A year ago, a faction in the Turkish army staged a failed coup bid against President Recep Tayyip Erdogan, prompting a widespread crackdown on his opponents.
The country was shaken and 249 people died in the botched putsch, which Erdogan blamed on Muslim preacher Fethullah Gulen, who lives in the United States.
Following are key moments beginning with the attempt to overthrow the Turkish president.
On July 15, 2016, a renegade army faction launches a failed coup against Erdogan which leaves 249 people dead, not including the plotters. Erdogan blames the putsch on Gulen, a former ally turned arch-foe.
Erdogan is on vacation in Marmaris, western Turkey, and urges the population to resist, which many do while he rushes to Istanbul.
Since then some 50,000 people have been arrested and over 100,000 fired or suspended from their jobs. The government imposes control over the army, whose political influence ebbs.
Erdogan demands that the US extradite Gulen.
On July 16-17, hundreds of generals, judges and prosecutors are arrested across Turkey on allegations they participated in the failed coup. The purges widen to include the police, the education system and the media.
On July 20, Erdogan proclaims a state of emergency and says other countries might be involved in the coup, while warning that it might not be finished.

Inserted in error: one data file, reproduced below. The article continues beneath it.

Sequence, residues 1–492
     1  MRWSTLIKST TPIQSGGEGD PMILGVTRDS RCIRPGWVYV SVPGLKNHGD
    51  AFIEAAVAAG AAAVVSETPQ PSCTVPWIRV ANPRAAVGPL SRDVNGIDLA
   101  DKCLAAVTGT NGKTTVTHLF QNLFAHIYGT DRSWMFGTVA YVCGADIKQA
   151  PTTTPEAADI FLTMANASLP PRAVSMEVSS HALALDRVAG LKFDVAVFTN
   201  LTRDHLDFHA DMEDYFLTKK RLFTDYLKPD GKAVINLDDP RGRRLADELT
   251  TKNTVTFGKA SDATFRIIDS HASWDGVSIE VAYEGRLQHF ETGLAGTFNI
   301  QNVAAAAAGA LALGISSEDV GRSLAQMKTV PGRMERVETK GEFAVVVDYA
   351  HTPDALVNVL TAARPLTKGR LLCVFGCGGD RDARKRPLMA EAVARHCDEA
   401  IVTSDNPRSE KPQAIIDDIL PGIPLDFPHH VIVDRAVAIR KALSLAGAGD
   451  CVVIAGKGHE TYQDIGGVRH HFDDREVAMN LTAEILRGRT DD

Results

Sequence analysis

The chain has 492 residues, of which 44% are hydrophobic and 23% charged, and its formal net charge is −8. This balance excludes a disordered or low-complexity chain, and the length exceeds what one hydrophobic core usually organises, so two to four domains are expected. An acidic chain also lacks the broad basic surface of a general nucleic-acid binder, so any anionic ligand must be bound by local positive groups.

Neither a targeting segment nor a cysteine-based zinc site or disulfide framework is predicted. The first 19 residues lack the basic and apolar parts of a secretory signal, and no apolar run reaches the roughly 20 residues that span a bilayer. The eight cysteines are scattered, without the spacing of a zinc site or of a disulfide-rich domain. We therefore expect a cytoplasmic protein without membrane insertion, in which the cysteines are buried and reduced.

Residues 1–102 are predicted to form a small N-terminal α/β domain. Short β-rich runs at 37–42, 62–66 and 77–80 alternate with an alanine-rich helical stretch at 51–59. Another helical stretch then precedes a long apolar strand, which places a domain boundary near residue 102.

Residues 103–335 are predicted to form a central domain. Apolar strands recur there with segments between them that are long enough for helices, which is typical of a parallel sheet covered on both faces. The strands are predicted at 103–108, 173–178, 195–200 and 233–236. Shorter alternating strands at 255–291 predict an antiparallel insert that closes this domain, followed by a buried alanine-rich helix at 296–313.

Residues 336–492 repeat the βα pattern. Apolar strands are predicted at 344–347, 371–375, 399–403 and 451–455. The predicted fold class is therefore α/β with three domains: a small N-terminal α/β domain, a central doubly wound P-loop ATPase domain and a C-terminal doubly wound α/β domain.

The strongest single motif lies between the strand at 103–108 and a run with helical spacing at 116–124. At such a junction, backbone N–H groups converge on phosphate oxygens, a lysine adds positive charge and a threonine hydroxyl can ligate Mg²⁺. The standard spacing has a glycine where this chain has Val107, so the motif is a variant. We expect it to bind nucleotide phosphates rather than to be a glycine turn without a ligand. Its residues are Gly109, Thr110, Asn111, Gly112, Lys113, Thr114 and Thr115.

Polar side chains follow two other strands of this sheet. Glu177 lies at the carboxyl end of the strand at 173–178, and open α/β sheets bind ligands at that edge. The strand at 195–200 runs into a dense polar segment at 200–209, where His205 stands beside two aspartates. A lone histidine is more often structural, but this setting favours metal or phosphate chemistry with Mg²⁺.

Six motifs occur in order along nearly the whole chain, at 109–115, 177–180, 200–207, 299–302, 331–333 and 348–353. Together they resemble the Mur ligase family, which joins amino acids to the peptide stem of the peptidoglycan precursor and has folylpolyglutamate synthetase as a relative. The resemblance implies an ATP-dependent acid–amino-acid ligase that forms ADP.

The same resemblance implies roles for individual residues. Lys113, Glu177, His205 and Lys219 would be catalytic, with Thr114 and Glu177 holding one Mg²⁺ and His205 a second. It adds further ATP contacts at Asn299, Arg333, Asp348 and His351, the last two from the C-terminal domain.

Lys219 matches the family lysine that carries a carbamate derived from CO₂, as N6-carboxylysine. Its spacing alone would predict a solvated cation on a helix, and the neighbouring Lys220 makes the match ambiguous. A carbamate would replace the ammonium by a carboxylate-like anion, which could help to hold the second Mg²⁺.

The purges extend to pro-Kurdish movements and critical journalists.
Erdogan meets Russian President Vladimir Putin in August to cement relations with one of the main backers of President Bashar Al-Assad's regime in Syria. The meeting also helps restore trust after Turkey shot down a Russian jet over the Syrian-Turkish border in late 2015.
Two weeks later, Turkey launches a major military operation in northern Syria, driving Islamic State group fighters from several cities.
Another key target for Turkey is Kurdish militia groups which Ankara considers allies of the separatist Kurdistan Workers' Party (PKK).
In March 2017, several European countries cancel rallies by Turkish ministers and bar its politicians from visiting in order to campaign for a referendum on expanding Erdogan's powers.
A vitriolic war of words ensues, with Erdogan repeatedly accusing Germany and the Netherlands in particular of behaving like "Nazis".
Relations with Germany have continued to deteriorate since then.
Turkish voters narrowly approve in an April 16 referendum constitutional changes that will expand Erdogan's powers, and possibly enable him to stay in office until 2029.
The opposition questions the legitimacy of the vote, with the secular Republican People's Party (CHP) and the pro-Kurdish Peoples' Democratic Party (HDP) vowing to challenge the outcome.
The new presidential system would come into force after presidential and parliamentary elections in November 2019.
International observers from the OSCE and the Council of Europe say the poll did not meet European Union standards and call on Turkey to investigate presumed irregularities.
On June 15, thousands of people respond to a call by CHP leader Kemal Kilicdaroglu for a "walk for justice" from Ankara to Istanbul after one of the party's lawmakers, Enis Berberoglu, was sentenced to 25 years in jail on charges he leaked classified information to a newspaper.
Kilicdaroglu accuses Erdogan of being the "July 20 coup plotter", a reference to the declaration of a state of emergency that led to the government's crackdown.